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A browser sniffing warning: The trouble with Acid3 and TinyMCEIn this article Hallvord Steen provides a warning about browser sniffing and why it is such a bad thing, by examining a recent bug discovered in Opera relating to compatibility with the TinyMCE editor. He also suggests a fix to this problem, involving "bug detection", a useful technique that can be applied to many other situations.
( Read the article )
Originally posted by shadowk:
it still does not work "access denied"
*sigh* - somewhere along the line, a bug has been introduced into dev.opera.com, which has stopped me from publishing articles properly. The systems folk are working on it now.
Developer Relations Manager
Editor, dev.opera.com and labs.opera.com
I think rather than calling it "has_range_collapse_bug" I would call it something like "ranges_supported" to be positive and thinking in terms of progressive enhancements rather than thinking in terms of graceful degradation. I find it is more productive to think about progressive enhancements.
14. July 2008, 22:07:15 (edited)
I agree with you though !
Originally posted by xErath:
but if developers started going bug detection, more than half of the code in most scripts, js frameworks and libraries would be bug detection code
Maybe But then, much of the benefit of using frameworks and libraries presumably comes from their browser incompatibility workarounds - it's a major selling point for every library, so they should do it properly.
But if you want to actually get things done then browser-sniff hacks are inevitable.
So just make opera not report itself. Isn't the problem a much bigger issue?
Ideally no browser would report itself, wasn't that how things were originally?
There are no standards. The word standard should be excised from the lexicon.
At least the computer lexicon.
Originally posted by PadreSol:
if you want to actually get things done then browser-sniff hacks are inevitable
I'm arguing that many if not most of the problems you need to work around can be detected without browser sniffing. If you can pull that off, your script will be technically sounder (plus it will be more likely to work without bugs in IE 12..)
if (document.attachEvent) yada; else yada;The above statement might run the first code chunk on non IE browsers even if we look for a IE specific feature since some odd script might have patched the document object and added in an attachEvent just to be more "compatible" but it might then instead produce odd bugs. The hasOwnProperty doesn't work correctly on IE on native objects so it can't be used in the above case.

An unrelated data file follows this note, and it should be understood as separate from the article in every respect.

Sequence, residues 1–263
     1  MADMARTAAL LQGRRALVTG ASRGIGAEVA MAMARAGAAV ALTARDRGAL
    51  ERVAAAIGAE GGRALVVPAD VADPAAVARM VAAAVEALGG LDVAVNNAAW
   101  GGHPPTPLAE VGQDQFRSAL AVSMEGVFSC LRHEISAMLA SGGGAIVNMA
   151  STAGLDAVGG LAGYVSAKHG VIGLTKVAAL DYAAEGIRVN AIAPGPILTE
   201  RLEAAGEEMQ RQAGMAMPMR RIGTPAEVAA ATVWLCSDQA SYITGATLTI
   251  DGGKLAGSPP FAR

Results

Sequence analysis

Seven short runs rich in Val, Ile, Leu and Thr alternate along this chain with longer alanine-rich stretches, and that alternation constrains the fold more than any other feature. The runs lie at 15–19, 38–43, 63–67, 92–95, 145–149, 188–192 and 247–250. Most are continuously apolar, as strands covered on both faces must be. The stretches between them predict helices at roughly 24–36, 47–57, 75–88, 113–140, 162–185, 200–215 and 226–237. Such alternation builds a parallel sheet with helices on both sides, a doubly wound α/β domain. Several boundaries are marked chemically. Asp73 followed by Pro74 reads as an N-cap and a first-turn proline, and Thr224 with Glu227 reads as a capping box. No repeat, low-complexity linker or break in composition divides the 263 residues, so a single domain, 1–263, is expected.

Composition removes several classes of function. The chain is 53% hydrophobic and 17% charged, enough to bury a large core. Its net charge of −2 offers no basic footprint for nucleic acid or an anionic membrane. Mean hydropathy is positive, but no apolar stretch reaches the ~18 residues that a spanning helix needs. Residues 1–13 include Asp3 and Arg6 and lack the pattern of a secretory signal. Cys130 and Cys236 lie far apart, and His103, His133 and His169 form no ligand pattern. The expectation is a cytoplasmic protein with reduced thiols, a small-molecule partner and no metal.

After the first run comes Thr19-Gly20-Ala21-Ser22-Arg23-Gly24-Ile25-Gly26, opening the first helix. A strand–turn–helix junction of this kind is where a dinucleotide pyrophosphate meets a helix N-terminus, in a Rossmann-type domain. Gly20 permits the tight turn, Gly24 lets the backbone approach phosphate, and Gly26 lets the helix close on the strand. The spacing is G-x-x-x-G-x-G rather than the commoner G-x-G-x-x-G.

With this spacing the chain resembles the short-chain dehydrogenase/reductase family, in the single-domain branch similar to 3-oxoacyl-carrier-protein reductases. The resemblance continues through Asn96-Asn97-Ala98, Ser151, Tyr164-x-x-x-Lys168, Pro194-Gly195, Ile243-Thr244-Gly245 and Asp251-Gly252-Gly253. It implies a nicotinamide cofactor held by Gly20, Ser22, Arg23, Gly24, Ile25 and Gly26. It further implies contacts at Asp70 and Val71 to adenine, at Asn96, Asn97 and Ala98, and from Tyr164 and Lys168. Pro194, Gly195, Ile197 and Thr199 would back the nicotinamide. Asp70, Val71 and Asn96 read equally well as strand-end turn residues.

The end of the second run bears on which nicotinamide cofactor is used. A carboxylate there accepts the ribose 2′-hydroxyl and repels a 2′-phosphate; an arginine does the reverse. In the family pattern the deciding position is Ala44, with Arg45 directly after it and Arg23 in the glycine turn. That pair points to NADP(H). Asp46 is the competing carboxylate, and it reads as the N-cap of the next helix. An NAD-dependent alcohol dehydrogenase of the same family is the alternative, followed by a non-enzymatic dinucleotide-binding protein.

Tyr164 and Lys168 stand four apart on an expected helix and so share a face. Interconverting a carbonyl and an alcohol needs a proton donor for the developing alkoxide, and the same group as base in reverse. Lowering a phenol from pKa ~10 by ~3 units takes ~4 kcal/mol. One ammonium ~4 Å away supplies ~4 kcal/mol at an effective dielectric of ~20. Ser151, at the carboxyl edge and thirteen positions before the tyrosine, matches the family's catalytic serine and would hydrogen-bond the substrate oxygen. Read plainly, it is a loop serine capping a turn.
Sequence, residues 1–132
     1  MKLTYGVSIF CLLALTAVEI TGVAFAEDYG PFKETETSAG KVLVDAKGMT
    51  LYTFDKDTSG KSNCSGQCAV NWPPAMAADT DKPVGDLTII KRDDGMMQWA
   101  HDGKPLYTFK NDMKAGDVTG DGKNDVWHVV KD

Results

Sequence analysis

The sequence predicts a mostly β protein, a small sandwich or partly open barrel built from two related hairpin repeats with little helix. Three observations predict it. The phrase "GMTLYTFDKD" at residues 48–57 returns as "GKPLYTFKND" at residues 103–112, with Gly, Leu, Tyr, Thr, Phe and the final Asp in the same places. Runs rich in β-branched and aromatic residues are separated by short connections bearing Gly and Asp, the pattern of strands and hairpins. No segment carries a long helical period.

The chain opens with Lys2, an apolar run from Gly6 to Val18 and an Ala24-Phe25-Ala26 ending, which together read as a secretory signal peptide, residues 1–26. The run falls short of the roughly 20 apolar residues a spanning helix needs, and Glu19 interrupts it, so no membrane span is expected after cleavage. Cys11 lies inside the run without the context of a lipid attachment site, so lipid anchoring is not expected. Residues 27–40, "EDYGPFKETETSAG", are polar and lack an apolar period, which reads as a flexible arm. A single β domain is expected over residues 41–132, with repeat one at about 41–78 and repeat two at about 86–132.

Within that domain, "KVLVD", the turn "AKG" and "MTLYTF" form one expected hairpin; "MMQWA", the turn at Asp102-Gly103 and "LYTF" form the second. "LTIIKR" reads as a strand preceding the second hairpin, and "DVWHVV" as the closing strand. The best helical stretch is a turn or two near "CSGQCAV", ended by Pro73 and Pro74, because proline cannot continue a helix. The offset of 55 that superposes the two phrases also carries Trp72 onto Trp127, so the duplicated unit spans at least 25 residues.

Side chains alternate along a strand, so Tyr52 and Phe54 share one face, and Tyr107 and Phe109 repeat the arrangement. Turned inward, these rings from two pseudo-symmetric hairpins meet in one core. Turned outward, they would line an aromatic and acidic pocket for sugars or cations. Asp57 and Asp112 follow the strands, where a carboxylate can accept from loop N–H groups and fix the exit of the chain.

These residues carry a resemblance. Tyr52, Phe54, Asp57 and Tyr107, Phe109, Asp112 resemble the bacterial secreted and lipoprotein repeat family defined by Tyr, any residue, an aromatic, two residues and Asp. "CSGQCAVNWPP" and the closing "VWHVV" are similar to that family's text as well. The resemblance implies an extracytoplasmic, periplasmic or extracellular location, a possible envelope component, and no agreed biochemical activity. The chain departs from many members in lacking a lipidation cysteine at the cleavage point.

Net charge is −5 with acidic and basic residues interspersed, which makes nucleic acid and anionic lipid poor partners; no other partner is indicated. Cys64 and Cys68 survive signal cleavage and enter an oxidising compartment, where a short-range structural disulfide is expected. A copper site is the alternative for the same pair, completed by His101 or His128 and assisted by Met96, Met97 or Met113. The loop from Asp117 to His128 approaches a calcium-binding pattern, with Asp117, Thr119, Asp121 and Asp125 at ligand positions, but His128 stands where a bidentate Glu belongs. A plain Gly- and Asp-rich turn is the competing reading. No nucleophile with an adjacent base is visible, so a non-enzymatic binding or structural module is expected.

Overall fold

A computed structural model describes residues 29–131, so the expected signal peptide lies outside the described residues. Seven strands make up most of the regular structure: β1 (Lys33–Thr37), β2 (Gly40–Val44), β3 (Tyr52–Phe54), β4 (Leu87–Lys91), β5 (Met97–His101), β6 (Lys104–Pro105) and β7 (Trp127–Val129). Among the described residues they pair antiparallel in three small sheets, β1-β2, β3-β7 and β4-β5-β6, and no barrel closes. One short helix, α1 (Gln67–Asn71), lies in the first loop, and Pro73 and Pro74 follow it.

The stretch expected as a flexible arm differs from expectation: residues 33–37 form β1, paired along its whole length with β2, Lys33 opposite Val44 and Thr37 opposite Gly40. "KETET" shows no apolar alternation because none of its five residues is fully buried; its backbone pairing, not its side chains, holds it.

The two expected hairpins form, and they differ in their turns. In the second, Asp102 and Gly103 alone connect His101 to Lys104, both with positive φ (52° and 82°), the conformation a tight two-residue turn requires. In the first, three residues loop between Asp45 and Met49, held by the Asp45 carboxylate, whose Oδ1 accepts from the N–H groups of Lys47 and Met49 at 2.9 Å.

There are two problems with bug detection some bugs can not be detected such some bug that craches the browser or produces some result that can't be reverted. The other problem is that the code size will increase a lot the suggested opera detection in this article is nice but it's large and if we had such code chunks for each little bug out scripts would be 10 times larger or more and our user base is already nagging about the script size.
But anyway, good article and feature and bug detection is the still the way to go if it's possible but I don't think the subject is blank and white sometimes you need to do sniffing but most of the time we don't need it and shouldn't use it.
Originally posted by Moxiecode:
The above statement might run the first code chunk on non IE browsers even if we look for a IE specific feature
In some cases it might be possible and better to look for the feature you're going to use. You are not in any case guaranteed that all browsers with native support for attachEvent support everything IE does - or have the same bugs, depending on what you are looking for. Opera, for one, supports attachEvent but still doesn't have all features or bugs IE has.
code size will increase a lot the suggested opera detection in this article is nice but it's large and if we had such code chunks for each little bug out scripts would be 10 times larger
Indeed, though by exactly how much the code would grow I haven't tested this enough to work out. It would be an interesting study to take some popular library script, try to replace all instances of browser sniffing with equivalent bug/feature detection and see what impact it had on size and performance. I hope in most cases the trade-off would be worth it, especially as one of the major reasons I'd deploy something like TinyMCE instead of just an <iframe> with designMode on is to avoid having to deal with browser differences..